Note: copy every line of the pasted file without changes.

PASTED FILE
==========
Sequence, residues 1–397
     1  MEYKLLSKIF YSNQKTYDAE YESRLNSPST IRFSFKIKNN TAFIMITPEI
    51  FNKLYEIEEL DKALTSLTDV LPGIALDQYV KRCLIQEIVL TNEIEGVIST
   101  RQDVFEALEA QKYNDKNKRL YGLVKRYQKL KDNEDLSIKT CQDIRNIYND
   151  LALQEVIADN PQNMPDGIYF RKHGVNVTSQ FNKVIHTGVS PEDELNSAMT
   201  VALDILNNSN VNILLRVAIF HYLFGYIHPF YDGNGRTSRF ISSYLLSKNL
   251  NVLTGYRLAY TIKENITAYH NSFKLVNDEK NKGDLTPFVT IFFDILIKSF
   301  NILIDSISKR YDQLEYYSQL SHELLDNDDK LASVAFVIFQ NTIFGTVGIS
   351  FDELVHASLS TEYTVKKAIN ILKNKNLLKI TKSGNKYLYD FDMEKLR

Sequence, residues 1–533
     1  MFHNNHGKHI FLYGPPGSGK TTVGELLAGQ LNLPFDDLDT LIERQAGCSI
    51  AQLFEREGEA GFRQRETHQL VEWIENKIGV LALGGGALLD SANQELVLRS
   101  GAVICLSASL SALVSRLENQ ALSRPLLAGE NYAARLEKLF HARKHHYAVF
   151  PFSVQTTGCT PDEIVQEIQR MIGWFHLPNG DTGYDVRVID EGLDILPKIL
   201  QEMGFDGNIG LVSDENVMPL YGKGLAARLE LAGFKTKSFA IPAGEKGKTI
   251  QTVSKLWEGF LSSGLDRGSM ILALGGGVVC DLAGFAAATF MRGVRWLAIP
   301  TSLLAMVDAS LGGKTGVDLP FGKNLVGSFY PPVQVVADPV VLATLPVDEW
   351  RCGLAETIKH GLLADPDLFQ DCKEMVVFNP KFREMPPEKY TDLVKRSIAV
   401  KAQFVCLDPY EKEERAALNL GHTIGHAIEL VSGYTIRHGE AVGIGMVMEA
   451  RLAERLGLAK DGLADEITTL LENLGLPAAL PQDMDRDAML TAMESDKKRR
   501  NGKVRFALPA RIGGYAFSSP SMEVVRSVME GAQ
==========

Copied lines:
Sequence, residues 1–397
     1  MEYKLLSKIF YSNQKTYDAE YESRLNSPST IRFSFKIKNN TAFIMITPEI
    51  FNKLYEIEEL DKALTSLTDV LPGIALDQYV KRCLIQEIVL TNEIEGVIST
   101  RQDVFEALEA QKYNDKNKRL YGLVKRYQKL KDNEDLSIKT CQDIRNIYND
   151  LALQEVIADN PQNMPDGIYF RKHGVNVTSQ FNKVIHTGVS PEDELNSAMT
   201  VALDILNNSN VNILLRVAIF HYLFGYIHPF YDGNGRTSRF ISSYLLSKNL
   251  NVLTGYRLAY TIKENITAYH NSFKLVNDEK NKGDLTPFVT IFFDILIKSF
   301  NILIDSISKR YDQLEYYSQL SHELLDNDDK LASVAFVIFQ NTIFGTVGIS
   351  FDELVHASLS TEYTVKKAIN ILKNKNLLKI TKSGNKYLYD FDMEKLR

Sequence, residues 1–533
     1  MFHNNHGKHI FLYGPPGSGK TTVGELLAGQ LNLPFDDLDT LIERQAGCSI
    51  AQLFEREGEA GFRQRETHQL VEWIENKIGV LALGGGALLD SANQELVLRS
   101  GAVICLSASL SALVSRLENQ ALSRPLLAGE NYAARLEKLF HARKHHYAVF
   151  PFSVQTTGCT PDEIVQEIQR MIGWFHLPNG DTGYDVRVID EGLDILPKIL
   201  QEMGFDGNIG LVSDENVMPL YGKGLAARLE LAGFKTKSFA IPAGEKGKTI
   251  QTVSKLWEGF LSSGLDRGSM ILALGGGVVC DLAGFAAATF MRGVRWLAIP
   301  TSLLAMVDAS LGGKTGVDLP FGKNLVGSFY PPVQVVADPV VLATLPVDEW
   351  RCGLAETIKH GLLADPDLFQ DCKEMVVFNP KFREMPPEKY TDLVKRSIAV
   401  KAQFVCLDPY EKEERAALNL GHTIGHAIEL VSGYTIRHGE AVGIGMVMEA
   451  RLAERLGLAK DGLADEITTL LENLGLPAAL PQDMDRDAML TAMESDKKRR
   501  NGKVRFALPA RIGGYAFSSP SMEVVRSVME GAQ